In the end Peretz must always part company with the Hasidic wonder-workers, for he cannot really share their oneness of vision. They tell stories, he retells them: it is a world of difference. Consider, for example, the first sketch used by Mr. Sheffer, “If Not Higher.” This famous piece concerns a skeptical Litvak who sneers at reports that the Rabbi of Nemirov ascends to heaven each Sabbath. To find out for himself, the Litvak follows the Rabbi one Sabbath and discovers that what he actually does is to disguise himself in peasant clothing and chop firewood for poor women. The Litvak becomes “converted” and now, when he hears the Rabbi’s disciples claim that their master enters heaven on the Sabbath, he adds the enigmatic phrase “if not higher.”
The story can be read as a parable of Peretz’s own literary situation: the skeptical Litvak recognizes the saintliness of the rabbi, but sees it as a pragmatic or secular saintliness; he adores the rabbi as a moral hero rather than an accomplice of God; and the rabbi, in turn, would probably refuse to accept the Litvak’s mode of discipleship, for he could not recognize the possibility of anything “higher” than heaven.
Almost nothing of this came through in “The World of Peretz,” where the sketch was played for sweetness and piety, and Mr. Sheffer spoke its concluding line with a neutrality of stress which suggested he had no clear idea as to what Peretz was doing.
But come to think of it: does one really have to know what Yiddish writers are doing? Can’t one just assume they are all “warm” and “humane” and enamoured of “the little man?” That they are all haimish and quaint (haimish for the older folks, quaint for the younger . . .)? In this way one can approach Peretz with an amiable lack of discrimination, a good-hearted condescension, so that what emerges in Mr. Sheffer’s adaptation is not Peretz’s stories as molded by his fine intelligence, but the stories as they might have been before he touched them.
Yet some uneasiness remains. Suppose Mr. Sheffer had truly grasped the complexity and ambiguousness of Peretz’s vision. Suppose he had seen that in Peretz we have a writer who is, paradoxically, both a Jewish culture-hero and a modern alienated artist. Would he then have been able to dramatize Peretz’s work in a way that would satisfy a serious audience? The answer is not at all clear to me, for I am increasingly disposed to accept the view of Maurice Samuel, as expressed in his Prince of the Ghetto, that the work of a writer like Peretz is so interwoven with subtle and half-lost cultural references that it cannot be translated at all but must be “retold” with the aid of commentary and exegesis. And this may be more than the stage can handle.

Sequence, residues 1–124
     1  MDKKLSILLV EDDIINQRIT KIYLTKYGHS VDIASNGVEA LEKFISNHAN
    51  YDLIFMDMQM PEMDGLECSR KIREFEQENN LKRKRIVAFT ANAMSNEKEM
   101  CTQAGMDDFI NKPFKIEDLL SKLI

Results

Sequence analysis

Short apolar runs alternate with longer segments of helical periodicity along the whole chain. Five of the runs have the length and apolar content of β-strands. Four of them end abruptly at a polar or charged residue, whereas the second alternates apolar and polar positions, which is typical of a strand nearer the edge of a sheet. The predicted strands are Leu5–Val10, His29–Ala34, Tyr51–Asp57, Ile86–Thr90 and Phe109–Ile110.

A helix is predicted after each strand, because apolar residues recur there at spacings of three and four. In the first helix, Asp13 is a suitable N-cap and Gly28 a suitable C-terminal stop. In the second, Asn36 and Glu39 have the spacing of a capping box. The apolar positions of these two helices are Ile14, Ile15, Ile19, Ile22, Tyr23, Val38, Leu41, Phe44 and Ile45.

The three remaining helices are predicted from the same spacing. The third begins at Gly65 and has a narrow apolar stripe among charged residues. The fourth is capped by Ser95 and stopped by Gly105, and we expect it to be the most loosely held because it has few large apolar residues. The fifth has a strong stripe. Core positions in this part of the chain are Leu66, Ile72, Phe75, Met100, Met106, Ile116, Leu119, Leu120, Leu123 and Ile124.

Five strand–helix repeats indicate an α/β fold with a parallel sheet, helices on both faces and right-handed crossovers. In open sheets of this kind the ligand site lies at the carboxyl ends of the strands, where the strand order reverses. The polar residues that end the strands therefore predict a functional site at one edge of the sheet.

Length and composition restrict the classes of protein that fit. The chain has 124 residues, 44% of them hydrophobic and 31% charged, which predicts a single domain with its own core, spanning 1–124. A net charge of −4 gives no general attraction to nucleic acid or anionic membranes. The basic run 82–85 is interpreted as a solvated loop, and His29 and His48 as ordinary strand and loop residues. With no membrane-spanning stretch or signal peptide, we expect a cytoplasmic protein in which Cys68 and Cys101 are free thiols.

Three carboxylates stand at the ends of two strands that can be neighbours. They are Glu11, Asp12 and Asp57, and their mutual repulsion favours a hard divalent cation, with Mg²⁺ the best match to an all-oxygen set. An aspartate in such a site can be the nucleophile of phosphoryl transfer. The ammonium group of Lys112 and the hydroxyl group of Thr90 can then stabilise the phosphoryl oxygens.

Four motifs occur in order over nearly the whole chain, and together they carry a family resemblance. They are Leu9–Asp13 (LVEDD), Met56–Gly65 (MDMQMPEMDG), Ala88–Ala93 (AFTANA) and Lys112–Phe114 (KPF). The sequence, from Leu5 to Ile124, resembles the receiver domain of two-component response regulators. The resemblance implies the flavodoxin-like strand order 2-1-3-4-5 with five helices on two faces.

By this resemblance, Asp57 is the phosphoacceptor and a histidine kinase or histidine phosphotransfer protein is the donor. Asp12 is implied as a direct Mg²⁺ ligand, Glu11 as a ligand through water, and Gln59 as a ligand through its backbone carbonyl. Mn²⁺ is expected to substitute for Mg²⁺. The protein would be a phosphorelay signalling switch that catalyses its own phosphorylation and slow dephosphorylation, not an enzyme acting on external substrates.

“The World of Peretz” did not even approach these problems—that is the main complaint to be made against it. And the result is that the true afficionado of Yiddish must turn away in embarrassment, while the intelligent outsider has little choice but to conclude that the critics who praise Yiddish literature are guilty of a parochial enthusiasm.
In the last few years, things “Jewish” have suddenly become very popular in America, and among the more thoughtless journalists in the Yiddish and Anglo-Jewish press this has led to bouts of celebration. But those who care about Yiddish and have some sense of both its possibilities and limitations, may yet have to conclude that while the death of a culture is a tragic prospect, there are certain kinds of survival that might be even worse.
1 “The Theatre of Peretz,” presented by YAL Company at the Gate Theatre. Adapted and staged by Isaiah Sheffer.